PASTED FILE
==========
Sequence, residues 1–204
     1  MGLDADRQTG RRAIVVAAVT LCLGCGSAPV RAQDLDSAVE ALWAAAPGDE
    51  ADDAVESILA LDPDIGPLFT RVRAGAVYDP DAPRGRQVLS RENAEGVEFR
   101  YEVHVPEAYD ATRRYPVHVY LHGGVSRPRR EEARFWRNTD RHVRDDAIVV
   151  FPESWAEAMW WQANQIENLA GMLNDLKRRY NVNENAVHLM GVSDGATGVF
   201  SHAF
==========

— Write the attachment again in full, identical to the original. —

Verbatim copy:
Sequence, residues 1–204
     1  MGLDADRQTG RRAIVVAAVT LCLGCGSAPV RAQDLDSAVE ALWAAAPGDE
    51  ADDAVESILA LDPDIGPLFT RVRAGAVYDP DAPRGRQVLS RENAEGVEFR
   101  YEVHVPEAYD ATRRYPVHVY LHGGVSRPRR EEARFWRNTD RHVRDDAIVV
   151  FPESWAEAMW WQANQIENLA GMLNDLKRRY NVNENAVHLM GVSDGATGVF
   201  SHAF